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Renewable Energy Tax Credit News Briefs - March 2017

New Mexico H.B. 82 was introduced Jan. 17 by Rep. Matthew McQueen. The bill would reinstate the state solar tax credit and adjust the individual and statewide ceiling. The bill would extend the tax credit that expired at the end of 2016 at 10 percent, gradually phasing down until it sunsets at the end of 2024. The individual project cap would be $9,000. The statewide cap would be $5 million, rather than the previous cap of $2 million for solar thermal systems and $3 million for photovoltaic systems. H.B. 2 is available at


The Iowa Department of Revenue adopted amendments to Iowa Admin. Code Section 701–42.48 and Section 701–49.5, relating to the solar energy system tax credit, effective March 8. The amended rules clarify the expiration dates for the credits available under the program, as well as the relationship between the state and federal credits. The changes add specific expiration dates for the credits for systems installed on or after Jan. 1, 2016, add citations to the federal provisions which determine the expiration dates of these credits and eliminate certain language that suggested that the Iowa credits would be automatically extended if the federal credits are extended. The phrase “or beneficiaries of an estate or trust” was added to Section 701–42.48(9) and Section 701–52.44(9). There was also an amendment stating that applications for the tax credit may be submitted through the Tax Credit Award, Claim and Transfer Administration System, which is accessible through the Department’s website.


On Jan. 23, New York state Sen. Kevin Parker introduced S.B. 3403, which would allow a state credit of 25 percent for qualified wind energy system equipment expenditures. The legislation calls for a cap of $7,500 per taxpayer and includes a provision under which the credit could be carried over for up to five years. The bill would be effective Jan. 1, 2018. At press time, the bill was assigned to the Senate Investigations and Government Operations Committee. S.B. 3403 is available at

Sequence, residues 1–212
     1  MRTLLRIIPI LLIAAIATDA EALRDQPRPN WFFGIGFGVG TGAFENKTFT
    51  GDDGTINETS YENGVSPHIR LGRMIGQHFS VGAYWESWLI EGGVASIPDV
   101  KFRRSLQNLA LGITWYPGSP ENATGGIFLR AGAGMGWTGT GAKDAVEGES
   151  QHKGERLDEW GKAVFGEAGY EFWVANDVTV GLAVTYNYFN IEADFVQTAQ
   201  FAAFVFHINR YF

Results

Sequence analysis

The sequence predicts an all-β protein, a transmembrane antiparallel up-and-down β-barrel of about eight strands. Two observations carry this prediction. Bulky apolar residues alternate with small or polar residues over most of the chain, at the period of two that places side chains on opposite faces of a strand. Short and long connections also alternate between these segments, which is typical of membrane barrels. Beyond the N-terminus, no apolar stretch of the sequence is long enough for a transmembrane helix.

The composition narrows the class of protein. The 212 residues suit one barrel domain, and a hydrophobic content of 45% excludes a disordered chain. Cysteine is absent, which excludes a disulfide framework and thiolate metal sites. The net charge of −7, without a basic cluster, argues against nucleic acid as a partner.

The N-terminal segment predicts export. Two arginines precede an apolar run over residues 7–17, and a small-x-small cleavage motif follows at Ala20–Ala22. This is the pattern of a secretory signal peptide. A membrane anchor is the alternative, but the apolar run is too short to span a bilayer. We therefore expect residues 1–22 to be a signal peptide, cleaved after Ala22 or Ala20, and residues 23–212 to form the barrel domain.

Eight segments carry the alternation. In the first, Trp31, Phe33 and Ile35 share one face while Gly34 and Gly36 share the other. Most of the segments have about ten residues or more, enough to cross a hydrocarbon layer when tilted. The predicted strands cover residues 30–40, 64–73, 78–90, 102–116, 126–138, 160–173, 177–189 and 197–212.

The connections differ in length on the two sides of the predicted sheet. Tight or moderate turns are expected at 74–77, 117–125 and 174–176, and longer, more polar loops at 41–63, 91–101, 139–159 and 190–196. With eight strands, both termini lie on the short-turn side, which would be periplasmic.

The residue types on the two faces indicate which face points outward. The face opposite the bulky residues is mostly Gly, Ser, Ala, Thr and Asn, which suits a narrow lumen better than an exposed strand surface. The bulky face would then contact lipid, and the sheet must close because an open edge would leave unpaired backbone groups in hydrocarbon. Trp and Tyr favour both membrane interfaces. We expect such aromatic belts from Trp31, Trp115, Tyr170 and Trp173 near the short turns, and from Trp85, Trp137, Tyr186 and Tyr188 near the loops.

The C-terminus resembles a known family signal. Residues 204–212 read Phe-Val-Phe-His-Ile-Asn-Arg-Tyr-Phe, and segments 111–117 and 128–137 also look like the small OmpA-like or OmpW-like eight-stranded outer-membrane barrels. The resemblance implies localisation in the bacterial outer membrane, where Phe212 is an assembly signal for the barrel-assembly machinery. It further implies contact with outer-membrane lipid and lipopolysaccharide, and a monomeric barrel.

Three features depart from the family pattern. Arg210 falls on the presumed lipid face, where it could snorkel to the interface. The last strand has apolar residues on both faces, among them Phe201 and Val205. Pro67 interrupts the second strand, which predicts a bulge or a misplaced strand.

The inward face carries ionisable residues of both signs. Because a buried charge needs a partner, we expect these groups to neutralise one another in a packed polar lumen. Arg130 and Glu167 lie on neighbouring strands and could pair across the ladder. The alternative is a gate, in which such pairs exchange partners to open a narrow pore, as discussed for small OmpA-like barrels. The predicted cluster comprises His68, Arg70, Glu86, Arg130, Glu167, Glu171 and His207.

On Jan. 18, New York state Sen. Kevin Parker introduced S. 2869, a bill that would establish a tax credit for developers using renewable energy sources in affordable housing development. The bill would amend existing law, adding Section 43, under which a taxpayer who is a developer who uses renewable sources of energy during the construction of an affordable housing facility, shall be allowed a credit against such taxes in an amount of $2,000 per qualified unit. A qualified unit is any unit occupied by one or more people whose total income is less than 100 percent of the area median income. If the amount of the credit allowed under this subsection for any taxable year should exceed the taxpayer’s tax for such year, the excess shall be treated as an overpayment of tax to be credited or refunded, however, that no interest shall be paid. This act would take effect immediately.


Abigail Ross Hopper began her term Jan. 17 as president and CEO of the Solar Energy Industries Association (SEIA). Before joining SEIA, Hopper worked for the Bureau of Ocean Energy Management (BOEM) within the Department of Interior, and before that, she led the Maryland Energy Administration (MEA), served as energy adviser to former Maryland Gov. Martin O’Malley and was deputy general counsel to the Maryland Public Service Commission. Tom Kimbis, who served as interim president of SEIA, was promoted to executive vice president and general counsel.

Journal Category:

Renewable Energy Tax Credits



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